The abuses in Gaza committed by Hamas are vast and included “security forces killing, torturing, arbitrarily detaining, and harassing opponents, Fatah members, and other Palestinians with impunity. Hamas and various other terrorist organizations and militant factions in the Gaza Strip launched rockets and mortars against civilian targets in Israel, killing and injuring civilians…Hamas restricted the freedoms of speech, press, assembly, association, religion, and movement of Gaza Strip residents…. Hamas frequently promoted anti-Semitism.”
Over the weekend, Palestinians and internationals came together to run the first ever Bethlehem marathon. As with most things in the region, even this fun event was fraught with political issues but the symbolism stood out. The participants jogged four times around Bethlehem because there wasn't enough space to do a straight marathon due to the separation barrier. The marathon raised awareness of the restrictions on movement Palestinians face. Jabril Rajoub, head of the Palestinian Olympic Committee said hope that this first Palestinian marathon will carry a message that “it is our right not only to freedom of movement, but also to life and to live in a free and independent state.”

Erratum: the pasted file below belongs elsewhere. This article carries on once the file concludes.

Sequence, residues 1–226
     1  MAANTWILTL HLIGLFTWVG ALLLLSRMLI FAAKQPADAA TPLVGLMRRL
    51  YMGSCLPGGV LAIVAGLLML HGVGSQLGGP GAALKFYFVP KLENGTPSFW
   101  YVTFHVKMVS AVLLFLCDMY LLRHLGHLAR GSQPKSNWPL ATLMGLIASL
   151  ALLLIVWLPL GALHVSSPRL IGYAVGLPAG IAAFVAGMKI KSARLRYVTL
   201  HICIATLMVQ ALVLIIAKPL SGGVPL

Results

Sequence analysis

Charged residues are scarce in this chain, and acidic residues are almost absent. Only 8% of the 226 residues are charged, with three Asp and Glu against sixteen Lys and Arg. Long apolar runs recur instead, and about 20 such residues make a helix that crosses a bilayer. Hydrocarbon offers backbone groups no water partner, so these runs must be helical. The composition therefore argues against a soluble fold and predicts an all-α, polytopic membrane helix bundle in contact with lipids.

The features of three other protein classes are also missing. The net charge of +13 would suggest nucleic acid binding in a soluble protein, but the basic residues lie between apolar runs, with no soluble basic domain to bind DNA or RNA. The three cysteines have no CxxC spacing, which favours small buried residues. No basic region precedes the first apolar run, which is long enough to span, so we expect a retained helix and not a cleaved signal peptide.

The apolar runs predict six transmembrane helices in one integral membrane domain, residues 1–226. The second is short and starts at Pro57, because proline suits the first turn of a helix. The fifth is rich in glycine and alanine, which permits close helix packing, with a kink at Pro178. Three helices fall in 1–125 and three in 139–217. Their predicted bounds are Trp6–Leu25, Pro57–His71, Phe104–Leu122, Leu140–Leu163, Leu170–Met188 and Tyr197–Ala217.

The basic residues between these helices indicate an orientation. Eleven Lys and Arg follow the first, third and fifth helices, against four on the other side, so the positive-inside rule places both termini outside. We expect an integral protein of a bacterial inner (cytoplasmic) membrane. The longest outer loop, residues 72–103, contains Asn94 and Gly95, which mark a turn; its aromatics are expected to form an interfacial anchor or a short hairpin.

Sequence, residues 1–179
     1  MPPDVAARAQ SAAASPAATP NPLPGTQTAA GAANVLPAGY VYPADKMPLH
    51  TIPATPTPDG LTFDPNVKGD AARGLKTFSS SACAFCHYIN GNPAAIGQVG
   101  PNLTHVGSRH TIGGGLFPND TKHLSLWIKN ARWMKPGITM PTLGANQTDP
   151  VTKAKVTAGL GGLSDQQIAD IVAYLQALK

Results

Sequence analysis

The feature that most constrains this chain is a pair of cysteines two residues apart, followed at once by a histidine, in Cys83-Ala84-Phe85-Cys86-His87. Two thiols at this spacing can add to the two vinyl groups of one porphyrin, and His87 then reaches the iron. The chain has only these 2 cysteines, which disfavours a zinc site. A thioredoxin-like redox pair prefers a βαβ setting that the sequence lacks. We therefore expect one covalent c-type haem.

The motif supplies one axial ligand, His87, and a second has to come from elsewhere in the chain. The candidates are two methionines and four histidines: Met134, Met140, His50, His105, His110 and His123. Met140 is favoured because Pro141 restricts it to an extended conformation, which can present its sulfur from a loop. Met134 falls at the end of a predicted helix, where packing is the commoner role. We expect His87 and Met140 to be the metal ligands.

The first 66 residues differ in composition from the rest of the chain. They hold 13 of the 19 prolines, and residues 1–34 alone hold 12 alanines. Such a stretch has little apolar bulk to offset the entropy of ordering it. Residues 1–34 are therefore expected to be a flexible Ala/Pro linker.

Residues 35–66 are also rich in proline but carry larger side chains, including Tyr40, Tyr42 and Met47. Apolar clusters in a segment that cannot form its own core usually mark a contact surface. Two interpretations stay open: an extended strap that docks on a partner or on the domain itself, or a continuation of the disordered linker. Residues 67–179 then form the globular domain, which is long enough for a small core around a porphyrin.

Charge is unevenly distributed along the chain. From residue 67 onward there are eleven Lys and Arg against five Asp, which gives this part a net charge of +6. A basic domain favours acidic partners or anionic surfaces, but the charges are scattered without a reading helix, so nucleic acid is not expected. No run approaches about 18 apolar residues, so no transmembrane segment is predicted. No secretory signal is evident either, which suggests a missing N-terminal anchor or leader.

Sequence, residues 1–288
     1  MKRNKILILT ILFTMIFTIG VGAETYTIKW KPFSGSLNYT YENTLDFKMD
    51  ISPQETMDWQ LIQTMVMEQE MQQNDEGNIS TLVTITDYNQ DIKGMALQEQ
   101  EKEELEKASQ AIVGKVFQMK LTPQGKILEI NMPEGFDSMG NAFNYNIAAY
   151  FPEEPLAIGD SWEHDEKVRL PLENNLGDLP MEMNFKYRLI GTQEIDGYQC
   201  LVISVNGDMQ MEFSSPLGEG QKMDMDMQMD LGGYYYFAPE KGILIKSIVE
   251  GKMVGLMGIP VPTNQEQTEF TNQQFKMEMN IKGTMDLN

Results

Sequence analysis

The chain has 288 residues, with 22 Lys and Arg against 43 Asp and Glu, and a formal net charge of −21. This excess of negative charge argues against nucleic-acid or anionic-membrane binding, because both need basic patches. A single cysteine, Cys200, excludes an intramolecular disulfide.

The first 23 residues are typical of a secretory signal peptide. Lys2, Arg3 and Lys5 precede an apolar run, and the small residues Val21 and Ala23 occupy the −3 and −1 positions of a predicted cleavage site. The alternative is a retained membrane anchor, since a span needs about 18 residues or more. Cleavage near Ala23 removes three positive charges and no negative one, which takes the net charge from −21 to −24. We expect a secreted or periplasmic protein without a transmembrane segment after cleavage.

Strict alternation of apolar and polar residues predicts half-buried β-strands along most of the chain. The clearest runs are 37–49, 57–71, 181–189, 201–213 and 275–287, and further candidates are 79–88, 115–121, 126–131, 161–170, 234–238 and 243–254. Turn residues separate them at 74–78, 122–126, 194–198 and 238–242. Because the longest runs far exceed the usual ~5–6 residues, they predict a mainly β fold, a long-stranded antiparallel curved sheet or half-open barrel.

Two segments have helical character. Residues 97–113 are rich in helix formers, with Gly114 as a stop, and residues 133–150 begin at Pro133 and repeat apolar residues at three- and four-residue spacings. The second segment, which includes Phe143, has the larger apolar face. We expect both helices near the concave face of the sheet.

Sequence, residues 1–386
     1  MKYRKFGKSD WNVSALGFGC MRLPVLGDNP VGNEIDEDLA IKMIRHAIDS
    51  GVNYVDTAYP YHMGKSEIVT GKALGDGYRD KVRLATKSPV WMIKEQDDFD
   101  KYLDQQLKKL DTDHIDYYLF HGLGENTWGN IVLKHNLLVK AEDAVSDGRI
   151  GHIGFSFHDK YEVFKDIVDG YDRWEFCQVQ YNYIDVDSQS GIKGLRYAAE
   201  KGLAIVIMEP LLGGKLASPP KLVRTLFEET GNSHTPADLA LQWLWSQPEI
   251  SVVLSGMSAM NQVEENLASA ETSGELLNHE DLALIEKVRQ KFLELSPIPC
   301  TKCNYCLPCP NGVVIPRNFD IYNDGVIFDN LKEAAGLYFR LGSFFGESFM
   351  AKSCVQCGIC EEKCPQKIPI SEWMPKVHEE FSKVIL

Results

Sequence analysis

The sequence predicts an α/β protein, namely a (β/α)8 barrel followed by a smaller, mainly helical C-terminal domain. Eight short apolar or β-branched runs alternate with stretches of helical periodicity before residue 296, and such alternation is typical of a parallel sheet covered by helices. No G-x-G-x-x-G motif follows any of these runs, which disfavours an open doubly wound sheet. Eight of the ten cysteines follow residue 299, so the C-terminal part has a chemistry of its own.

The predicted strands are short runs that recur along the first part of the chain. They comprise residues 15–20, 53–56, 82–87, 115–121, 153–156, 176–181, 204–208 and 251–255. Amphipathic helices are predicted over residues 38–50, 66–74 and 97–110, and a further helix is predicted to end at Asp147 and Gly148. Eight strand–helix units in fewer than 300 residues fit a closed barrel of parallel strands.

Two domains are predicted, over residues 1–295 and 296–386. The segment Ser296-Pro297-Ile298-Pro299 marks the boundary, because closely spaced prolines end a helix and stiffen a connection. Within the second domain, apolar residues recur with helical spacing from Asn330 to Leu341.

Before the race took off at Nativity Square, Rajoub announced, “As we stand here at the Nativity Square, we should bow in silence for one minute for the victims who died in the terrorist act last week in the Boston Marathon.” According to the AP, “Participant Demitri Awwad, a Palestinian-American from Michigan wore a T-shirt honoring the Boston Marathon victims under his official marathon shirt as he ran in the 10-kilometer race. It had a picture of 8-year-old Martin Richard, with the words ‘No more hurting people’ emblazoned below.”
Days before the marathon, Israeli authorities announced it would not allow any Gazans to travel to the West Bank to participate including Nader Al-Masri who represented Palestine in the 5,000-meter race at the 2008 Olympics in Beijing.
Want to learn more about the trip? Please join us for a national conference call on Tuesday, April 30, 2013. The call will begin at 4:00 PM Eastern Standard Time.
Dial-in Number: 1-646-307-1300